Star news editor retires
Phyllis Britt, who has helped keep local residents turning pages over the past couple of decades, is turning a page in her own life this week.
She has been with The Star since 1986, serving since 1999 as the editor and is now looking forward to retirement - especially the chance to devote more time to being a grandmother.
She and her husband, Savannah River Site chemical engineer Tom Britt, welcomed their third grandchild, Pearce Britt Bartges, on Monday.
Tracing the route that led her to North Augusta, Britt recalled that The Star, in the 1980s, had a part-time reporter assigned to cover events in Aiken. When that job came open, Britt was recommended for it in connection with her experience reporting for The Rambler, a now-defunct, Aiken-based newspaper.
Sam and Mim Woodring, who owned and operated The Star from 1954 until 1998, accepted the advice.
"I think the reason Sam was agreeable was because if I lived in Aiken and was mostly covering meetings that happened in Aiken, he wouldn't have to pay mileage," Britt recalled.
"I owned a computer before The Star did," she added. "I had a Commodore 64. Sam and Mim were still typing on IBM Selectrics."
Britt became the news editor in early 1999, en route to working with such reporters as Melissa Loose, Ellen Gladden and Suzanne Stone.
Highlights have included "getting to know the people in the community and learning what's important to the community and therefore, in many ways, what's important to me about North Augusta," she said.
The first 10 years of Britt's time at The Star coincided with teaching at Mead Hall, a private school in Aiken. Her instruction focused on
computers, Latin and religion.
Back in North Augusta, Britt's roles have included support, from the beginning, for North Augusta 2000, the local booster organization that
began in 1999 with a 65-member committee.
"I was on a subcommittee with Shirley Holgate and learned a lot about North Augusta, because she was focused on the history," she said.
Challenges at The Star have included the clock and calendar. "There's not enough time to do everything as well as I would like to do it, with all that's required in a small, weekly newspaper," she said.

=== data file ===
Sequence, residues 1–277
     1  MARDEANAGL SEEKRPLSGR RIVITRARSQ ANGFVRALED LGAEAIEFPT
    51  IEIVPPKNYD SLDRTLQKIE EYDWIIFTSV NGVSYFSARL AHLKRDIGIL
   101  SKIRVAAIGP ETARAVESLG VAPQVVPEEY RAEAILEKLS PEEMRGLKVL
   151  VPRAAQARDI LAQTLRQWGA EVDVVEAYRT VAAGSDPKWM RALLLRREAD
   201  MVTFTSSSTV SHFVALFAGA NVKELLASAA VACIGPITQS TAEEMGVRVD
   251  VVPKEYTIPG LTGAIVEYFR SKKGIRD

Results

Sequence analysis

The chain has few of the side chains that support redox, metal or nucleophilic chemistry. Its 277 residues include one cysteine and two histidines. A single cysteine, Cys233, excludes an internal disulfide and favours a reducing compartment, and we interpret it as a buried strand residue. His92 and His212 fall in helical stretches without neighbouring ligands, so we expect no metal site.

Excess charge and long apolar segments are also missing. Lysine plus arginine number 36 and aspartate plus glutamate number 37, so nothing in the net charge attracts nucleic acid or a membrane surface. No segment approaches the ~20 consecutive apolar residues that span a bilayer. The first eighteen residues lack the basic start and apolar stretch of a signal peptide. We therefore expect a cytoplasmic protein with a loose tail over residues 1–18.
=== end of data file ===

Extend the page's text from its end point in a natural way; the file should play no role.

Britt's background includes communities of various sizes. She was born in Smithfield, N.C.
"Unfortunately, they had a billboard outside the city gates: 'Smithfield, North Carolina, Home of the Ku Klux Klan. Love it or leave it.' They tore it down about 1973, thank God," she said.
Most of her childhood was spent in Portsmouth, Va., and she attended Westhampton College - "the women's part of the University of Richmond," as she explained it.
Her degree was in religion with a minor in math and Latin, and she followed that up with graduate studies at Wake Forest University, where she met her future husband and got a degree in religion. She later learned that she and her husband had been childhood neighbors but would not meet until adulthood.
Among Britt's neighbors from those adult years has been Brenda Baratto, known to some through her roles with the Heritage Council of North Augusta.
"She's always been fair, I think, in reporting the comings and goings of all the aspects of North Augusta life, whether it's the government aspects or the community, or whether it's schools or things like that," said Baratto.
Baratto also described Britt as "certainly 'out there' and being a part of the events, whatever they may be.
"I've always enjoyed a good working relationship with her, because she's been fair for me and the work that we do here, and easy to work with, and that's not always easy to find in the press. I'll miss her," she said.
"We've enjoyed working together," said Scott Sterling, North Augusta's director of planning and economic development, who has helped Britt in recent months produce a series of articles focusing on the history and features of North Augusta subdivisions.
"We learned some things about subdivisions we didn't know about," he added.